Theorems in automated theorem proving are usually proved by formal logical proofs. However, there is a subset of problems which humans can prove by the use of geometric operations on diagrams, so called diagrammatic proofs. This book investigates and describes how such diagrammatic reasoning about mathematical theorems can be automated.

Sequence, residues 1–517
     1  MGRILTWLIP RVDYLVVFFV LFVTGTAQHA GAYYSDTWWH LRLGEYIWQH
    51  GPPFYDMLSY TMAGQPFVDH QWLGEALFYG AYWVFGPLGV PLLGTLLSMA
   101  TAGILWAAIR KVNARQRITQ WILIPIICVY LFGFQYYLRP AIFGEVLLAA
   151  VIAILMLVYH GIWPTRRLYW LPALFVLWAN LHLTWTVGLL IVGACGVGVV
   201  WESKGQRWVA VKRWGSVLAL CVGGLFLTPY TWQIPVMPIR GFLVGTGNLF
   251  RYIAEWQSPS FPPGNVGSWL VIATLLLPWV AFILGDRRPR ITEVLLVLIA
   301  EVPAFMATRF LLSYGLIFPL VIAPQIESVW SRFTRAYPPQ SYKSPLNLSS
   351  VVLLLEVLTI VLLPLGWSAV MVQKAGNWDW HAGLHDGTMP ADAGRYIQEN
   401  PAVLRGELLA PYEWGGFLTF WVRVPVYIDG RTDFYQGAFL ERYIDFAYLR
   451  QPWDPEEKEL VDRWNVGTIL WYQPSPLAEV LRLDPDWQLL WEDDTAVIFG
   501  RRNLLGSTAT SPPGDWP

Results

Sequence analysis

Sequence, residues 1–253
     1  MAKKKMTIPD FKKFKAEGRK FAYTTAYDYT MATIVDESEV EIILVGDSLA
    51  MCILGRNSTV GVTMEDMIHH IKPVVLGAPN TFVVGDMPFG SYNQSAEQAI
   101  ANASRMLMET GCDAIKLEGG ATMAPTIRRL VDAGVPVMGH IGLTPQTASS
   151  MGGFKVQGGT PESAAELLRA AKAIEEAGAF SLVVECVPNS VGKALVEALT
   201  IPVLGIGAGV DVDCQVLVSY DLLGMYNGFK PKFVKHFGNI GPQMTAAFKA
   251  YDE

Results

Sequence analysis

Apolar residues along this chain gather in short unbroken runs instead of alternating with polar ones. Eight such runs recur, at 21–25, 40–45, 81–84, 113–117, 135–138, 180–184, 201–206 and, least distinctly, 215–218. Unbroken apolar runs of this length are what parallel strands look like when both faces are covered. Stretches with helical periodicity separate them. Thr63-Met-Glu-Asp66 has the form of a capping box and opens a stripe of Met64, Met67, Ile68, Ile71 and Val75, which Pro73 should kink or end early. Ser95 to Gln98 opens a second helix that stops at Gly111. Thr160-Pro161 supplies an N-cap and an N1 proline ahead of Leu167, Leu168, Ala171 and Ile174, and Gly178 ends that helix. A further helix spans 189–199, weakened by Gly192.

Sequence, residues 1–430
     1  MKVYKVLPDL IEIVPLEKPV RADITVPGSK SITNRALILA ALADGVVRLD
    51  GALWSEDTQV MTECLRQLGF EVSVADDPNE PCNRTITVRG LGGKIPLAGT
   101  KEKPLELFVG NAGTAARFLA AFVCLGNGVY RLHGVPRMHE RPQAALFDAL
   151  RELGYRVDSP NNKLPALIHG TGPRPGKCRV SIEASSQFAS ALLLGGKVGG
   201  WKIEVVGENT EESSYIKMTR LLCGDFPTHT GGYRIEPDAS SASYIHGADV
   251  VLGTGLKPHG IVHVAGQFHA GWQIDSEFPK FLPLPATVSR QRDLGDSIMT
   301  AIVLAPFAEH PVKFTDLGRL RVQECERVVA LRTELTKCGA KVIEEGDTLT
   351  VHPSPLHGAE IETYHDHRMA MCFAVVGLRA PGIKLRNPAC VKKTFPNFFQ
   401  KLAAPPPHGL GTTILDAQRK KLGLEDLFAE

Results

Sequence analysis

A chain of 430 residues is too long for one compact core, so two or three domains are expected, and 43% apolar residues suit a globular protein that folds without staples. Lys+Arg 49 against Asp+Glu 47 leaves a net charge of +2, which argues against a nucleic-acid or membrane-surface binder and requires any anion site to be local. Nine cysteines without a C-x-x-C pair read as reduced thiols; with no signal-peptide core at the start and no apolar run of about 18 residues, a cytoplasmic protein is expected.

Concrete, rather than general diagrams are used to prove particular instances of a universal statement. The "inference steps" of a diagrammatic proof are formulated in terms of geometric operations on the diagram. A general schematic proof of the universal statement is induced from these proof instances by means of the constructive omega-rule. Schematic proofs are represented as recursive programs which, given a particular diagram, return the proof for that diagram. It is necessary to reason about this recursive program to show that it outputs a correct proof. One method of confirming that the abstraction of the schematic proof from the proof instances is sound is proving the correctness of schematic proofs in the meta-theory of diagrams. The book presents an investigation of these ideas and their implementation in the system, called Diamond.